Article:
Japanese tsunami warning plan outlined

PHUKET: Japanese seismologists have recommended that a Japanese tsunami early warning system be installed in the deep ocean and linked to beaches along the Andaman coast of Thailand that were hit by the December 26 tsunami.

The Tokyo University team, led by Professor Kimiro Meguro, unveiled the proposal during a meeting today at Phuket Provincial Hall with Vice-Governor Supachai Yuvaboon.

The scientists plan to present the results of a survey they have made of local beaches to the Japanese government, with a view to the having Tokyo work with the Thai government on installing the system.

Prof Meguro said the early warning system put forward by his colleagues would be smaller than the one the Thai government plans to install, and that it would be cheaper and easier to maintain.

Prof Meguro said the system would employ buoys floating in the ocean. These buoys would carry equipment to measure the speed of waves and transfer this data via satellite to bases on the beaches. Each buoy would cost between 50 million and 70 million baht to install.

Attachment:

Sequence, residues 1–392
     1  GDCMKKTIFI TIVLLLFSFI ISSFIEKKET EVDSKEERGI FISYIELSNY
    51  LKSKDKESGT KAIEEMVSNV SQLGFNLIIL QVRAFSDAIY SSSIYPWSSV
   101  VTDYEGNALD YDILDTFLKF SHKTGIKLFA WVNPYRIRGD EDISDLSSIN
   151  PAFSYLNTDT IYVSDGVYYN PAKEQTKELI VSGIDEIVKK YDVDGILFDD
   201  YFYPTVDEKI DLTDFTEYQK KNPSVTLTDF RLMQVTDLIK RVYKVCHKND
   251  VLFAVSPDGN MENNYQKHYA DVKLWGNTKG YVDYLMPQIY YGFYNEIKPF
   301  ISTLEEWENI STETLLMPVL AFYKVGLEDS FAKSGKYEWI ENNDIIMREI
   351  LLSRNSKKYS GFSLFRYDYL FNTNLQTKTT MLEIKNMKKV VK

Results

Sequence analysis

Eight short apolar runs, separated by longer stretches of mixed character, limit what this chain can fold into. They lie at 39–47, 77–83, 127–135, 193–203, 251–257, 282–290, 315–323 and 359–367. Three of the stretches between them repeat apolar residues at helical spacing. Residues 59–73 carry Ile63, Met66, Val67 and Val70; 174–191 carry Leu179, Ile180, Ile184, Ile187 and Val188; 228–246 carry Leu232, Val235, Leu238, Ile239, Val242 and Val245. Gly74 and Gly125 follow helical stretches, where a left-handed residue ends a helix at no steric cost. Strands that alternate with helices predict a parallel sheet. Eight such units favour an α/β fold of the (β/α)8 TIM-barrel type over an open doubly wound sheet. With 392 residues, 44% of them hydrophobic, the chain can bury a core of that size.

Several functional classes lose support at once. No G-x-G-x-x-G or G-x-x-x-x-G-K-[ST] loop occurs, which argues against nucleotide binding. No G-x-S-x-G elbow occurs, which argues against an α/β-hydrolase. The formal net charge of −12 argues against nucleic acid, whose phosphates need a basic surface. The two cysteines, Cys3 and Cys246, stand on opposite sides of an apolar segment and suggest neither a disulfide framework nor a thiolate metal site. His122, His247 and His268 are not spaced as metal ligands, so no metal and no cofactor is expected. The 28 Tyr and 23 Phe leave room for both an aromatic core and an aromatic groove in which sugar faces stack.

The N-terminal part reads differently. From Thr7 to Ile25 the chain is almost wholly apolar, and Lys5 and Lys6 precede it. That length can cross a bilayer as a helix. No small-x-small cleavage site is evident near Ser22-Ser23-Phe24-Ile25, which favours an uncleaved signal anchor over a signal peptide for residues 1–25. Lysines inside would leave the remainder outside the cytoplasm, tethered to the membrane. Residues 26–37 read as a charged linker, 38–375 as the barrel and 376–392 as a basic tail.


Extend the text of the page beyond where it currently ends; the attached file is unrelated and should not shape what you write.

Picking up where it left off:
“After setting up this system, we will receive data every day, such as the speed of the waves in the sea and weather conditions. This data will enable us to forecast [tsunamis] and allow time for people to be evacuated to a safe place.”

He said, “This is the same as the buoy system already installed in the Pacific Ocean, which has warned people [on the Pacific rim] and given them time to escape tsunamis.

“Only a few Japanese people have died in tsunamis since the system was installed, compared with the huge numbers who died before.”

Prof Meguro also recommended that beach-side businesses in Phuket and Phang Nga, such as hotels and restaurants, should contribute towards the cost of the system, as this would mean it could be installed far sooner than if funding had to be obtained from Bangkok.

He added, “These businesses would benefit from the system.They would be able to use it to reassure tourists that the beaches are safe.”

Meanwhile, Thai meteorologist Peerapol Beekkhuntod has appealed for calm after a rumor spread that some vast disaster will befall Thailand on Saturday (March 12).

“After examining weather conditions abroad and in Thailand, we have found nothing abnormal, and can find no scientific foundation for this rumour,” said K. Peerapol.

Phuket News
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